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A New Computing Paradigm: Chaos-Based System That "Evolves" Answers May Be Alternative To Current Computers

Date:
September 4, 1998
Source:
Georgia Institute Of Technology
Summary:
A revolutionary new computing technique that uses a network of chaotic elements to "evolve" its answers could provide an alternative to the digital computing systems widely used today. Described for the first time in the September 7 issue of Physical Review Letters this "dynamics-based computation" may be well suited for optical computing using ultra-fast chaotic lasers and computing with silicon/neural tissue hybrid circuitry.

A revolutionary new computing technique that uses a network of chaotic elements to "evolve" its answers could provide an alternative to the digital computing systems widely used today. Described for the first time in the September 7 issue of Physical Review Letters this "dynamics-based computation" may be well suited for optical computing using ultra-fast chaotic lasers and computing with silicon/neural tissue hybrid circuitry.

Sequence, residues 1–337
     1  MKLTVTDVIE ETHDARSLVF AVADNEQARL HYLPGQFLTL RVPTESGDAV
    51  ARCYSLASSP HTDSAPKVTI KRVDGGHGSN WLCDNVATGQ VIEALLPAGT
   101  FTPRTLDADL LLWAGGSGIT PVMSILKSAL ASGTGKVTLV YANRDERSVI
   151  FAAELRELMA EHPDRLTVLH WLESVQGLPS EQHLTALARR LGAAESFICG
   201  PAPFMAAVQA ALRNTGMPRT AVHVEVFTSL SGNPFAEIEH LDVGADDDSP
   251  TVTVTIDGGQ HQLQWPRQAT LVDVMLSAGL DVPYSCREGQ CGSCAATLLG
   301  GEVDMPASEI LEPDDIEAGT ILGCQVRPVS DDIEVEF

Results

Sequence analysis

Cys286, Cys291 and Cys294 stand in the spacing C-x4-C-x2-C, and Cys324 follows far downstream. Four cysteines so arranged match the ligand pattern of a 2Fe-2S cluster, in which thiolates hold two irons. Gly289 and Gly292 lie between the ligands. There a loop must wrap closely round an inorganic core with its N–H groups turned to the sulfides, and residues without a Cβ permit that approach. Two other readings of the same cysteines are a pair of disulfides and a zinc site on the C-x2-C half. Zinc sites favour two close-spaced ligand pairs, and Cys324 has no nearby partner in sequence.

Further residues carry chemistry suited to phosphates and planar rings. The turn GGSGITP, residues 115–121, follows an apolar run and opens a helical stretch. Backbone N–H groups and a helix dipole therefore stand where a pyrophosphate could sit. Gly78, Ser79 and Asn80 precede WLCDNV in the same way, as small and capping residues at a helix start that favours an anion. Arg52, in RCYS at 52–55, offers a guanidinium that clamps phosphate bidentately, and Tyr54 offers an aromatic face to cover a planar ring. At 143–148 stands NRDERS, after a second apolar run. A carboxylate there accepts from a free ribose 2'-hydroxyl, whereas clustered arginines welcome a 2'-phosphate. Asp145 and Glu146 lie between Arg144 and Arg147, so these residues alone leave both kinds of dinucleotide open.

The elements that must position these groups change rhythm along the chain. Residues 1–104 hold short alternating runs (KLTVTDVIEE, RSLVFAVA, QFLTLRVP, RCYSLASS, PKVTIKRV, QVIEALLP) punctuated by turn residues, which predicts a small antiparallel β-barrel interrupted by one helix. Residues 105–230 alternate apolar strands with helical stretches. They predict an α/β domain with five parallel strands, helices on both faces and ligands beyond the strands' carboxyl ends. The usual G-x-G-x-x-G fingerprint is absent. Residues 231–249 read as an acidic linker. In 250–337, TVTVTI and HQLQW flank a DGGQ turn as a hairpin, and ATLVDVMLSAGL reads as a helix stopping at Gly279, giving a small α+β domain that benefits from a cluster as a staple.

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The above story is based on materials provided by Georgia Institute Of Technology. Note: Materials may be edited for content and length.


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Georgia Institute Of Technology. "A New Computing Paradigm: Chaos-Based System That "Evolves" Answers May Be Alternative To Current Computers." ScienceDaily. ScienceDaily, 4 September 1998. <www.sciencedaily.com/releases/1998/09/980904041508.htm>.
Georgia Institute Of Technology. (1998, September 4). A New Computing Paradigm: Chaos-Based System That "Evolves" Answers May Be Alternative To Current Computers. ScienceDaily. Retrieved April 19, 2014 from www.sciencedaily.com/releases/1998/09/980904041508.htm
Georgia Institute Of Technology. "A New Computing Paradigm: Chaos-Based System That "Evolves" Answers May Be Alternative To Current Computers." ScienceDaily. www.sciencedaily.com/releases/1998/09/980904041508.htm (accessed April 19, 2014).

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